17. Viruses (Cont’d) • Some viruses are harmful (e.g.,): • delete valuable information from a computer’s disk, • freeze the computer. • Other viruses are harmless (e.g.,): • display annoying messages to attract user attention, • just replicate themselves.

    18. Viruses: Operation • Viruses typically attach themselves to executable program files • e.g., .exe files in MS Windows • Then the virus slowly duplicates itself into many executable files on the infected system. • Viruses require human intervention to replicate.

    19. Origin of the term computer virus • The term computer virus was first used in an academic publication by Fred Cohen in his 1984 paper Experiments with Computer Viruses. • However, a mid-1970s science fiction novel by David Gerrold, When H.A.R.L.I.E. was One, includes a description of a fictional computer program called VIRUS. • John Brunner's 1975 novel The Shockwave Rider describes programs known as tapeworms which spread through a network for deleting data. • The term computer virus also appears in the comic book Uncanny X-Men in 1982.

    20. The first computer viruses • A program called Elk Cloner is credited with being the first computer virus to appear "in the wild". Written in 1982 by Rich Skrenta, it attached itself to the Apple DOS 3.3 operating system and spread by floppy disk. • The first PC virus was a boot sector virus called (c)Brain, created in 1986 by two brothers, Basit and Amjad Farooq Alvi, operating out of Lahore, Pakistan.

    21. Worms • Worms are malicious programs that use the Internet to spread. • Similar to a virus, a worm self-replicates. • Unlike a virus, a worm does not need human intervention to replicate. • Worms have the ability to spread uncontrollably in a very brief period of time. • Almost every computer system in the world is attached to the same network.

    22. Worms: Operation • A worm may spread because of a software vulnerability exploit: • Takes advantage of the OS or an application program with program vulnerabilities that allow it to hide in a seemingly innocent data packet. • A worm may also spread via e-mail. • Mass mailing worms scan the user’s contact list and mail themselves to every contact on such a list. • In most cases the user must open an attachment to trigger the spreading of the worm (more like a virus).

    23. Trojan horses • A Trojan Horse is a seemingly innocent application that contains malicious code that is hidden somewhere inside it. • Trojans are often useful programs that have unnoticeable, yet harmful, side effects.

    24. Trojan horses: Operation (1) • Embed a malicious element inside an otherwise benign program. • The victim: • receives the infected program, • launches it, • remains oblivious of the fact that the system has been infected. • The application continues to operate normally to eliminate any suspicion.

    25. Trojan horses: Operation (2) • Fool users into believing that a file containing a malicious program is really an innocent file such as a video clip or an image. • This is easy to do on MS Windows because file types are determined by their extension as opposed to examining the file headers. • E.g., • “A Great Picture.jpg .exe” • The .exe might not be visible in the browser. • The Trojan author can create a picture icon that is the default icon of MS Windows for .jpg files.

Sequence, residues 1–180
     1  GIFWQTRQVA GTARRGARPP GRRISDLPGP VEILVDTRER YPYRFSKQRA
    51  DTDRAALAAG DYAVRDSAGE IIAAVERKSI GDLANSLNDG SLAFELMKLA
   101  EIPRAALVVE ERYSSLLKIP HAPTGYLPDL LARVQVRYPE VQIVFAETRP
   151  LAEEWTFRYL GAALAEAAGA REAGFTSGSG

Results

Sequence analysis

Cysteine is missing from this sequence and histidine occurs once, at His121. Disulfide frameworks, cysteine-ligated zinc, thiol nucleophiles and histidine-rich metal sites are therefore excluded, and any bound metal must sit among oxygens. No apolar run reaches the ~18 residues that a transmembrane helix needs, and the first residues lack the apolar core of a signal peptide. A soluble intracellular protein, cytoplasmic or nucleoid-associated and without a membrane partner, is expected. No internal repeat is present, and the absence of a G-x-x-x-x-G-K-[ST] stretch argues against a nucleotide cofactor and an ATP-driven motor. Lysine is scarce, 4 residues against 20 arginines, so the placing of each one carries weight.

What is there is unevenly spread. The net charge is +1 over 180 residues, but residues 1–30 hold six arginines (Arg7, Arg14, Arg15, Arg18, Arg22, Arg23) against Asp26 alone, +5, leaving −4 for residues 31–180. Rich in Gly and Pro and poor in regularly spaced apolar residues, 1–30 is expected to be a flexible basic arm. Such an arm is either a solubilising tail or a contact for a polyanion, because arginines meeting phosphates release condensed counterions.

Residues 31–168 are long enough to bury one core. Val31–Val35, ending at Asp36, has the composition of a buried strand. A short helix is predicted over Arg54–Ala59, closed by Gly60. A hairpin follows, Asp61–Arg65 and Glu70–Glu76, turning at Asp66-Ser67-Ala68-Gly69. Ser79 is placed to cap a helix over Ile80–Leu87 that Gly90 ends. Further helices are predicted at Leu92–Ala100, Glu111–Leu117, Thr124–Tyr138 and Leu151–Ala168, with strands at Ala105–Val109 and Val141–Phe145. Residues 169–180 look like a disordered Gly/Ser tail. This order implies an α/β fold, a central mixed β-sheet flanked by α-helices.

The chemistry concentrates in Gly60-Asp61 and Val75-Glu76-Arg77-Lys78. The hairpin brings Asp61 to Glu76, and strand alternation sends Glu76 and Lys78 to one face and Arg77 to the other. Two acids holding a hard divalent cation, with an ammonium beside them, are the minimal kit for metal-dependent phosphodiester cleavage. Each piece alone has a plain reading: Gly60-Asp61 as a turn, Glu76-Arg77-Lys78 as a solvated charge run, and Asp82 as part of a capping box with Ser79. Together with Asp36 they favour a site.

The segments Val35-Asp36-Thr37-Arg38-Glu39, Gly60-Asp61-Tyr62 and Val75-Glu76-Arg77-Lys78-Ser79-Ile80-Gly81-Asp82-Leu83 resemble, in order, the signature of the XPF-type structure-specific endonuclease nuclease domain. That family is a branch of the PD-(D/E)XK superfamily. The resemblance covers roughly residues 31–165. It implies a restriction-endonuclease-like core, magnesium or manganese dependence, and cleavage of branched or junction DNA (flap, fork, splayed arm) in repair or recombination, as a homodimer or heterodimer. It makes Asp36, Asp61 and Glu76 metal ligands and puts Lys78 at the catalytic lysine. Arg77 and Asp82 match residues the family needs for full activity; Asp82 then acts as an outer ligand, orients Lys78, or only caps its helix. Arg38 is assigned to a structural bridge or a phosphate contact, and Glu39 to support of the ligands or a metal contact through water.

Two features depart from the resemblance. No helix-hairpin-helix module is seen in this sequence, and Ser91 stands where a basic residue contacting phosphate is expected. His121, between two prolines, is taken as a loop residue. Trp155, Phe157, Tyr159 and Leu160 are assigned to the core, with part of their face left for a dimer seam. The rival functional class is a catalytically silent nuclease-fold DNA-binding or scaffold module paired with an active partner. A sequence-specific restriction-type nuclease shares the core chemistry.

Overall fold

26. Backdoors • A backdoor is malware that creates a covert access channel that the attacker can use for: • connecting, • controlling, • spying, • or otherwise interacting with the victim’s system.

    27. Backdoors: Operation • Backdoors can be embedded in actual programs that, when executed, enable the attacker to connect to and to use the system remotely. • Backdoors may be planted into the source code by rogue software developers before the product is released. • This is more difficult to get away with if the program is open source.

    28. Mobile code • Mobile code is a class of benign programs that are: • meant to be mobile, • meant to be executed on a large number of systems, • not meant to be installed explicitly by end users. • Most mobile code is designed to create a more active web browsing experience. • E.g., Java applets, ActiveX controls.

    29. Mobile code (Cont’d) • Java scripts are distributed in source code form making them easy to analyze. • ActiveX components are conventional executables that contain native IA-32 machine code. • Java applets are in bytecode form, which makes them easy to decompile.

    30. Mobile code: Operation • Web sites quickly download and launch a program on the end user’s system. • User might see a message that warns about a program that is about to be installed and launched. • Most users click OK to allow the program to run. • They may not consider the possibility that malicious code is about to be downloaded and executed on their system.

    31. Adware • Adware is a program that forces unsolicited advertising on end users. • Adware is a new category of malicious programs that has become very popular. • Adware is usually bundled with free software that is funded by the advertisements displayed by the Adware program.

    32. Adware: Operation (1) • The program gathers statistics about the end user’s browsing and shopping habits. • The data might be transferred to a remote server. • Then the Adware uses the information to display targeted advertisements to the end user.

    33. Adware: Operation (2) • Adware can be buggy and can limit the performance of the infected machine. • E.g., MS IE can freeze for a long time because an Adware DLL is poorly implemented and does not use multithreading properly. • Ironically, buggy Adware defeats the purpose of the Adware itself.

    34. Sticky software • Sticky software implements methods that prevent or deter users from uninstalling it manually. • One simple solution is not to offer an uninstall program. • Another solution in Windows involves: • installing registry keys that instruct Windows to always launch the malware as soon as the system is booted. • The malware monitors changes to the registry and replace the keys of they are deleted by the user. • The malware uses two mutually monitoring processes to ensure that the user does not terminate the malware before deleting the keys.

    35. Future Malware • Today’s malware is just the tip of the iceberg. • The next generation of malware may take control of the low levels of the computer system (e.g., BIOS, Firmware). • The antidote software will be in the control of the malware … • Also the theft of valuable information can result in holding it for ransom.